On the STS-135 Space Shuttle mission, to be launched July 8, 2011, a forward osmosis bag (FOB) study will be conducted. At NASA Ames this summer, the ground truth testing is being conducted for results comparisons. The FOB technology is derived from a commercial product, the X-Pack water filter. Forward osmosis operates by utilizing an established concentration gradient across a semi-permeable membrane to move water molecules from one side of the membrane to the other. This concept is exploited to harvest drinking water from grey water sources such as urine, sea water, or vehicle water. In this experiment, potassium chloride (KCl) dissolved in water is used to simulate grey water. The KCl water is inserted into the FOB on one side of the membrane and highly concentrated sugar water is inserted on the other. The high concentration of sugar solutes creates a gradient that drives water molecules to pass through the membrane and enter the other side. The membrane properties prevent the solutes from diffusing, allowing only the water molecules to be harvested from the solution. The FOB efficiency is tested by use of a fluorescent dye marker in the sugar water side of the bag. The concentration of the dye decreases as more water diffuses across the membrane. The concentration of the dye is measured using a fluorometer and comparing intensity readings to intensity values of known concentrations. It is expected that the current system will retrieve 60% of the water from the grey water source. This concept could be used in space to provide drinking water in emergency situations.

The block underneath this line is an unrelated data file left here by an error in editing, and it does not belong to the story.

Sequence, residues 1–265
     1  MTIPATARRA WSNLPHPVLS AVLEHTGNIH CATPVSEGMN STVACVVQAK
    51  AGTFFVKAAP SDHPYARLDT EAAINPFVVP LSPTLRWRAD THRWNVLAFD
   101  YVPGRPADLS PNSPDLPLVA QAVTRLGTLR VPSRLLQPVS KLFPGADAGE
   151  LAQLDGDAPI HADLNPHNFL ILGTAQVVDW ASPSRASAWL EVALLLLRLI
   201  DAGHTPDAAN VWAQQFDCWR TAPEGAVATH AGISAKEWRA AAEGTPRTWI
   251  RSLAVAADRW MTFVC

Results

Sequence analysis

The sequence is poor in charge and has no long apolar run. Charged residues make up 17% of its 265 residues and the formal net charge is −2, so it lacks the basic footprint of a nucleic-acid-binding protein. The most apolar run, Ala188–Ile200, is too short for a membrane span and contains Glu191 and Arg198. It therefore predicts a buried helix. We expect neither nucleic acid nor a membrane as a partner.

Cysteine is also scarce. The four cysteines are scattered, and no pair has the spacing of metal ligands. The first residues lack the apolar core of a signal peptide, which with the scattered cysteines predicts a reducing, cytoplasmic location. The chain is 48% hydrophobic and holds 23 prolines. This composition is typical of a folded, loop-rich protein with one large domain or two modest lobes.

Biochemistry | Biological Engineering | Biology | Biotechnology | Cell Anatomy | Laboratory and Basic Science Research


Michael Flynn

Lab site

NASA Ames Research Center (ARC)

Funding Acknowledgement

This material is based upon work supported by the S.D. Bechtel, Jr. Foundation and by the National Science Foundation under Grant No. 0952013. Any opinions, findings, and conclusions or recommendations expressed in this material are those of the authors and do not necessarily reflect the views of the S.D. Bechtel, Jr. Foundation or the National Science Foundation.

Previous Versions

Mar 6 2012



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